It’s August, and of course that means that it’s time for retail stores to put up their Christmas decorations! But seriously, if you’re going to do better than the neighbors you need to start now. [Joey] already has his early start on the decorations, with a house-sized light show using LED strips and a laser projector that he built last Christmas.
What started off as a thought that it would be nice to hang a wreath over the garage soon turned into a laser projector that shows holiday-themed animations on the front of the house. The project also includes a few RGB LED strips which can match the colors displayed by the projector. The LEDs are powered from a custom-built supply that is controlled by a laptop, and the program that runs on the computer averages the colors from the video signal going to the projector which lights up the LED strips to match the projected image. This creates an interesting effect similar to some projects that feature home theater ambient lighting.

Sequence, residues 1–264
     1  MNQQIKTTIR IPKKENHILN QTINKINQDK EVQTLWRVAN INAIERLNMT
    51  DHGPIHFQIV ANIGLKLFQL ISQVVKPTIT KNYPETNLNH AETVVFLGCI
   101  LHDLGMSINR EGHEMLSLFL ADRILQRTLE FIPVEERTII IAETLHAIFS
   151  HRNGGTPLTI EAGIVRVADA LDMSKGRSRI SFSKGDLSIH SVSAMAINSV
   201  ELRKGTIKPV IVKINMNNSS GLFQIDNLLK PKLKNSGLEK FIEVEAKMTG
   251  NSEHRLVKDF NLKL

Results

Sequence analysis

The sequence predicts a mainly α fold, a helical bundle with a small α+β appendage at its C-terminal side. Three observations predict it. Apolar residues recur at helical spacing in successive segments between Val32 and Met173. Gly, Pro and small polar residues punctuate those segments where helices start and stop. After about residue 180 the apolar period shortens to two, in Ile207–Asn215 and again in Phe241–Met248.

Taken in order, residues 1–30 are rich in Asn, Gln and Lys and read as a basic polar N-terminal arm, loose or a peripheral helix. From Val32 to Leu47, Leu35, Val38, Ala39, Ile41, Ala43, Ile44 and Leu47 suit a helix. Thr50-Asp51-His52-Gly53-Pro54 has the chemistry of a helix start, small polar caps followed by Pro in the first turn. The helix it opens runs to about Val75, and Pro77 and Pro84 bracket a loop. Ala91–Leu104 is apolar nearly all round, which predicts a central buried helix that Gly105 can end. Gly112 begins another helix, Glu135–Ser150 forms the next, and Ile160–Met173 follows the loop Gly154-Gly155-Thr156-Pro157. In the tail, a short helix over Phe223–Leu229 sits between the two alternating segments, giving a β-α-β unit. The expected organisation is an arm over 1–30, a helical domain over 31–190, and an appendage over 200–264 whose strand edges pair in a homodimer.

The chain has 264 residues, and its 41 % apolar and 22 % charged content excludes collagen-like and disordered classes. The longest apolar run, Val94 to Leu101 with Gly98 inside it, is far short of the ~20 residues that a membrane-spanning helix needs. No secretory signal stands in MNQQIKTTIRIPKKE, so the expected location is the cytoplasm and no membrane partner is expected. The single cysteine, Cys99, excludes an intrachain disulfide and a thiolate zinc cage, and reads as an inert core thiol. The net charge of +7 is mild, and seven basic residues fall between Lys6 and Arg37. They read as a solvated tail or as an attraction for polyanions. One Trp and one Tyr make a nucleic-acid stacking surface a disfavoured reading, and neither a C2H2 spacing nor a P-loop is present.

The only major problem [Joey] came across was having to account for the lasers’ motion in the projected patterns, which was causing the computer to read false values. This and a few other laser-related quirks were taken care of with a bit of programming to make sure the system was functioning properly. After that it was a simple matter of attaching the projector to the roof and zip-tying the LED strips to the eaves of the house.
The projector is weatherproof, has survived one harsh winter already, and can be up and running for any holiday. With Halloween right around the corner, this could be a great way to spice up some trick-or-treating. Check out the video after the break to see this setup in action.